My notes from Way of the Peaceful Warrior

If you've seen the movie but not read the books, you need to forget what you know about the movie and read those books.

I always take notes from the books that have helped to formulate who I am and who I am becoming. Here's a few of the highlights from Dan Millman's Way of the Peaceful Warrior:

page 32

There was once a beloved king whose castle was on a high hill, overlooking his shire. He was so popular that the nearby townspeople sent him gifts daily, and his birthday celebration was enjoyed throughout the kingdom. The people loved him for his renowned wisdom and fair judgments.

One day, tragedy stuck the town. The water supply was polluted, and every man, woman, and child went insane. Only the king, who had a private spring, was spared.

Soon after the tragedy, the mad townspeople began speaking of how the king was acting “strangely” and how his judgments were poor and his wisdom a sham. Many even went so far as to say that the king had gone crazy. His popularity soon vanished. No longer did the people bring him gifts of celebrate his birthday.

The lonely king, high on the hill, had no company at all. One day he decided to leave the hill and pay a visit to the town. It was a warm day, and so he drank from the village fountain.

That night there was a great celebration. The people all rejoiced, for their beloved king had “regained his sanity.”

page 37

On a construction site in the Midwest, when the lunch whistle blew, all the workers would sit down together to eat. And with singular regulatiry Sam would open his lunch pail and start to complan.

“Son of a gun!” he’d cry, “not peanut butter and jelly sandwiches again. I hate peanut butter and jelly!”

Sam moaned about his peanut butter and jelly sandwiches day after day after day. Weeks passed, and the other workers were getting irritated by his behavior. Finally, another man on the work crew said, “Fer crissakes, Sam, if you hate peanut butter and jelly so much, why don’t you just tell yer ol’ lady to make you something different?”

“What do you mean, my ol’ lady?” Sam replied. “I’m not married. I make my own sandwiches.”

page 88

A student of meditation was sitting in deep silence with a small group of practitioners. Terrified by a vision of blood, death, and demons, he got up, walked to the teacher, and whispered, ‘Roshi, I’ve just had horrible visions!’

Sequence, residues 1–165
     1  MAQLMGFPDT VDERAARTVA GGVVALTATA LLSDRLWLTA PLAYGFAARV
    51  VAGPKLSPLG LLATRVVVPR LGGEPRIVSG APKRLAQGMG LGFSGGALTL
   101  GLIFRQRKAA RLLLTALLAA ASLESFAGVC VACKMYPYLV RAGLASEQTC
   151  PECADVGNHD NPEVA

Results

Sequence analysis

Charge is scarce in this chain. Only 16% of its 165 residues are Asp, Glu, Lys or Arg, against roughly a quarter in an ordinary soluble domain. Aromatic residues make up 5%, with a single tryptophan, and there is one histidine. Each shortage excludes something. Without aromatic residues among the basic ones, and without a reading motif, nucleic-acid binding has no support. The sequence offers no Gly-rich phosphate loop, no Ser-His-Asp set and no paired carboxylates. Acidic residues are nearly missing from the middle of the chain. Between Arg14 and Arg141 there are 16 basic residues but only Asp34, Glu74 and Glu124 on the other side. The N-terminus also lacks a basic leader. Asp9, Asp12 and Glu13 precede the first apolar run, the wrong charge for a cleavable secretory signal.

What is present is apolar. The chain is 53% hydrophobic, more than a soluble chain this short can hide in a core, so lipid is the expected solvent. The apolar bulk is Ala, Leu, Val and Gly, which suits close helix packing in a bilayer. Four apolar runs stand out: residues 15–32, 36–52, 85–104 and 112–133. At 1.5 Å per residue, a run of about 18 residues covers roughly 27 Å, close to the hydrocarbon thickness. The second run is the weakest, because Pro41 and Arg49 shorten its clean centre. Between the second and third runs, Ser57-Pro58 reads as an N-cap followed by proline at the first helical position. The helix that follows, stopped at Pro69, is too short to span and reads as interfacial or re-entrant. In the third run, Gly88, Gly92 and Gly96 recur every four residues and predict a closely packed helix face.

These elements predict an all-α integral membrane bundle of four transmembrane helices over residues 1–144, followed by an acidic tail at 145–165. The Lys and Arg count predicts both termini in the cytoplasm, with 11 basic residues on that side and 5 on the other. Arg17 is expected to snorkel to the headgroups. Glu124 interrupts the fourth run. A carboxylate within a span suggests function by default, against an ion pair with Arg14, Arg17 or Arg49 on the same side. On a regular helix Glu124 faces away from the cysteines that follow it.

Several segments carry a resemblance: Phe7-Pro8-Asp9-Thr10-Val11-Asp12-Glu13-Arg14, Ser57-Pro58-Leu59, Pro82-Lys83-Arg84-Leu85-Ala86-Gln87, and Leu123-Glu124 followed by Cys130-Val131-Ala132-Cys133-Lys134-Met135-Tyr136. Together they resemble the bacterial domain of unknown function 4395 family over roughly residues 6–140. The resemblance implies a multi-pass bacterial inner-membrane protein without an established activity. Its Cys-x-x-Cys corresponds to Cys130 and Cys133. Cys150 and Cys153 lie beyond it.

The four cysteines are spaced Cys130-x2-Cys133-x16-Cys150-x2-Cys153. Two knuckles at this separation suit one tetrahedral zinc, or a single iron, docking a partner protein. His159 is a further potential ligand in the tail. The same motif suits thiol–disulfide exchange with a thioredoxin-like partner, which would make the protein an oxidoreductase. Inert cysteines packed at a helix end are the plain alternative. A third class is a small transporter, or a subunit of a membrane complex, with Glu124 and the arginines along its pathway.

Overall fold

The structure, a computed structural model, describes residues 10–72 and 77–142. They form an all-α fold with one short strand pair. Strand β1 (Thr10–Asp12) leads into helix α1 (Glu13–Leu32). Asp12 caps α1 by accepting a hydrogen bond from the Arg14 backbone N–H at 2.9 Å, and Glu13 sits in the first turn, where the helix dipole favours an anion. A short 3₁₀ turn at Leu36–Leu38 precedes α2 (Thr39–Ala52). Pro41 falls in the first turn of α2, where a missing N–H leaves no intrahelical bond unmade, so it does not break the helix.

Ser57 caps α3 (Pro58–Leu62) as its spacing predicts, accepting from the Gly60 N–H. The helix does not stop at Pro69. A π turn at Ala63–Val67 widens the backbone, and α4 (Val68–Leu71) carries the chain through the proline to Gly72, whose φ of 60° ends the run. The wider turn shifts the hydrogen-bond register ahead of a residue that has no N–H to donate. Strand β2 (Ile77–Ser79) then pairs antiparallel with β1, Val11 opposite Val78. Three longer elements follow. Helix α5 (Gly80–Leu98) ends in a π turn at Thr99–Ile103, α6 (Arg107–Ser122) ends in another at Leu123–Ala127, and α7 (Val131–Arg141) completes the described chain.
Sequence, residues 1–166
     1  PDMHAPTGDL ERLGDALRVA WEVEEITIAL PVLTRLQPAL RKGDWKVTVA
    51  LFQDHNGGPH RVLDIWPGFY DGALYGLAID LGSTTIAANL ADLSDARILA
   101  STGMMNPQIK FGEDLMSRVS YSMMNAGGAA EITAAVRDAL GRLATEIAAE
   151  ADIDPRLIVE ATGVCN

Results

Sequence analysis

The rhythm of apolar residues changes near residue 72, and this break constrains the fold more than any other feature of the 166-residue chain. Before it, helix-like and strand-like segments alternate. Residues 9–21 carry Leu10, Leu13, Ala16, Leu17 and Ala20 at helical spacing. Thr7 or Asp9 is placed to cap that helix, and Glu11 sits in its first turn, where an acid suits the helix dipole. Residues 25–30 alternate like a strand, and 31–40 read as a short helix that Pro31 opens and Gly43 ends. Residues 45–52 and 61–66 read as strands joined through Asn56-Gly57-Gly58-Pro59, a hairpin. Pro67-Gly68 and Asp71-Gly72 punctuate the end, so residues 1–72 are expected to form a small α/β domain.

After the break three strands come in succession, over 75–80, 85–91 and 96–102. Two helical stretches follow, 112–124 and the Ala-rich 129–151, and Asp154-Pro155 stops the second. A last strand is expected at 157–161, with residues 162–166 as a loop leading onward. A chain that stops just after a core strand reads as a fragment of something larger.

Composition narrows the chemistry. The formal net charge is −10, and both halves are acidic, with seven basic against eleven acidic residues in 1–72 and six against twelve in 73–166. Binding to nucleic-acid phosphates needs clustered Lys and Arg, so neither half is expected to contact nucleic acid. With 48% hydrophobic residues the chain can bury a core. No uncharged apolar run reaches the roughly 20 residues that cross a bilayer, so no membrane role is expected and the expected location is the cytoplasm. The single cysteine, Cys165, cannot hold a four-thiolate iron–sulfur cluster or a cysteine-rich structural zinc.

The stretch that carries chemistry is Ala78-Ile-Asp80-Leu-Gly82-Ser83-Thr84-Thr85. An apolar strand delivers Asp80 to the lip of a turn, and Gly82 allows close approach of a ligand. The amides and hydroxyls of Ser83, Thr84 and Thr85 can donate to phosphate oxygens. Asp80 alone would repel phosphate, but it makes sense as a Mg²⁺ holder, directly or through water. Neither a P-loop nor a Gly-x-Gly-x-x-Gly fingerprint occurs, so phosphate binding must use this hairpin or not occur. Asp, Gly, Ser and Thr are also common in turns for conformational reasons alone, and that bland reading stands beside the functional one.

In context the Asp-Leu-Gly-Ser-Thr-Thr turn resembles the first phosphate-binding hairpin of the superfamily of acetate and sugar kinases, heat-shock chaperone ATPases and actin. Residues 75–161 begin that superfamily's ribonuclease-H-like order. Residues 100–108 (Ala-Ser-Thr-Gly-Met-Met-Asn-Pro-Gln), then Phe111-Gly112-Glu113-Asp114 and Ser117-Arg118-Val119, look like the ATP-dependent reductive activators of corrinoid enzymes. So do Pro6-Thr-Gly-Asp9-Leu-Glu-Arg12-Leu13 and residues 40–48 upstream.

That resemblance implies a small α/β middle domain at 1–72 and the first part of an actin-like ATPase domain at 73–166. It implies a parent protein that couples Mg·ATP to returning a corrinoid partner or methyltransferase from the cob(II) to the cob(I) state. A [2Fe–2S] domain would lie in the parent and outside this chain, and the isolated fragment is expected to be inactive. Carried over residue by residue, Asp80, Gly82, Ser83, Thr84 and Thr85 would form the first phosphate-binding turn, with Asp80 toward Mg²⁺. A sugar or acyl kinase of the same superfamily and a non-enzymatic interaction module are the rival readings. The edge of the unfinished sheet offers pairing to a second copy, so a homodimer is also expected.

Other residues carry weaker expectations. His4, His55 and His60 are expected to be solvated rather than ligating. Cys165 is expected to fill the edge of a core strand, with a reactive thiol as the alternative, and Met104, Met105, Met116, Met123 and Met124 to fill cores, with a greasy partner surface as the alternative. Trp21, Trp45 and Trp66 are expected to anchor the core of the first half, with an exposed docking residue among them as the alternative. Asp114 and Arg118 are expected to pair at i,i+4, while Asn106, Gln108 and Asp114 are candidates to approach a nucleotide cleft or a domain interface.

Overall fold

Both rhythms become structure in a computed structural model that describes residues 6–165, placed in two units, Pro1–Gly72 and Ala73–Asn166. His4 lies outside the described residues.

‘Let it go,’ said his teacher.

A few days later, he was enjoying some fantastic erotic fantasies, insights into the meaning of life, with angels and cosmic decoration—the works.

‘Let it go,’ said his teacher, coming up behind him with a stick and giving him a whack.

page 91

A Zen student asked his roshi the most important element of Zen.

The roshi replied, “Attention.”

“Yes, thank you,” the student replied. “But can you tell me the second most important element?” And the roshi replied, “Attention.”

pages 91-92

In a monastery, I sat day after day, struggling with a koan, a riddle my teacher had given me in order to spur the mind to see its true nature. I couldn’t solve it. Each time I went to the roshi, I had nothing to offer him. I was a slow student and was becoming discouraged. He told me to continue working on my koan for one more month. “Surely then,” he encouraged me, “you will solve it.”

A month passed, and I tried my best. The koan remained a mystery.

“Stay with it one more week, with fire in your heart!” he told me. Day and night the koan burned, but still I could not see through it.

My roshi told me, “One more day, with all your spirit.” At the end of the day I was exhausted. I told him, “Master, it’s no use—a month, a week, a day—I cannot pierce the riddle.” My master looked at me a long time. “Meditate for one more hour,” he said. “If you have not solved the koan by then, you will have to kill yourself.”

pages 103-104

An old man and his son worked a small farm, with only one horse to pull the plow. One day, the horse ran away.